Control of the railroads won the Civil War

RailroadsoftheConfederacy-ACW02-LRVicksburg, Gibraltar of the West, was the grand prize of the Union’s early plans to control the Mississippi River. This would isolate the Confederate states of Arkansas, Louisiana, and Texas. Coupled with a blockade of Southern ports, this would insure a Union victory. The frightening effects of simultaneous attacks in December 1862 by Nathan Bedford Forrest in West Tennessee, Earl Van Dorn in Holly Springs, Mississippi, and John Hunt Morgan in Kentucky all involved attacks on rail facilities. The attacks caused U.S. Grant to rethink his plan for a second attack on Vicksburg initiated from Memphis. Attacks from multiple Confederate units made him acutely aware of potential danger to his troops and vital supply lines. As Grant’s invasion moved south, the ensuing battles delayed his plans for the siege of Vicksburg and proved costly in terms of men and supplies.

President Abraham Lincoln understood the value of the railroads for shipping men and supplies. Under the Railways and Telegraph Act passed on January 3, 1862, all railway and telegraph companies’ officers and employees were subject to military authority. On February 11, 1862, the United States Military Railroads (U.S. M.R.R.) was established by the War Department. At first, authority was just over railroads serving the military, but on May 25, 1862, the act was changed to cover all railroads in the United States. However, the U.S. M.R.R. directed most of its attention to the railroads in hostile Southern territory. There is an extensive history of the railroad acts available for study in the Library of Congress Civil War Desk Reference book by Margaret E. Wagner, Gary W. Gallagher, and James M. McPherson.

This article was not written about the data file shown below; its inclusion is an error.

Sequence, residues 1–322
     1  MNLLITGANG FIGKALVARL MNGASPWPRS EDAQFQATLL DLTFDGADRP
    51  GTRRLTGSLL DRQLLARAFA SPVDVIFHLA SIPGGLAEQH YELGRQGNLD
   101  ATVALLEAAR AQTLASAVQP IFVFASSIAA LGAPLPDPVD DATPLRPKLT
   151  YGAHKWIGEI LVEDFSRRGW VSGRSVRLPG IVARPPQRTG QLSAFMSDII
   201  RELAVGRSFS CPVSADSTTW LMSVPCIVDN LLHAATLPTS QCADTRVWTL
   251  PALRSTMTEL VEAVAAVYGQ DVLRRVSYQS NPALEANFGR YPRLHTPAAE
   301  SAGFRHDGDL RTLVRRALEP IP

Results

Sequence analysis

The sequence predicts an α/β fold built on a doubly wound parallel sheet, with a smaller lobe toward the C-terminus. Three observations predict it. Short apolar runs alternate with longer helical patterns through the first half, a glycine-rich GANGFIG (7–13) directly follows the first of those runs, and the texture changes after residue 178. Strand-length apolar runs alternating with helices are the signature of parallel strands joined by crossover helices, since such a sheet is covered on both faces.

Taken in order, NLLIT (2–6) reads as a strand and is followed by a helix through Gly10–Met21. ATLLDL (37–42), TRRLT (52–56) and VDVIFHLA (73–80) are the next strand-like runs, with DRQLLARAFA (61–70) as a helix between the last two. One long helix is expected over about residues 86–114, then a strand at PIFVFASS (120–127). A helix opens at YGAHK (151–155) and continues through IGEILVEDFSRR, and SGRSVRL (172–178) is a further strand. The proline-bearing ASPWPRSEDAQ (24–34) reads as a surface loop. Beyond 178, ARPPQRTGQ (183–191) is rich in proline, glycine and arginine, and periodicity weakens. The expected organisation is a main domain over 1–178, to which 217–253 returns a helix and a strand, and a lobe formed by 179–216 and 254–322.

I’m grateful to the Department of History at the United States Military Academy at West Point for offering the map of the railroads for my book. In 1962, the U.S. Military Academy at West Point produced a map of the main railroads of the Confederacy in 1861 in the book, “The West Point Atlas of the Civil War,” compiled by the Department of Military Art and Engineering, the United States Military Academy, chief editor, Vincent J. Esposito.

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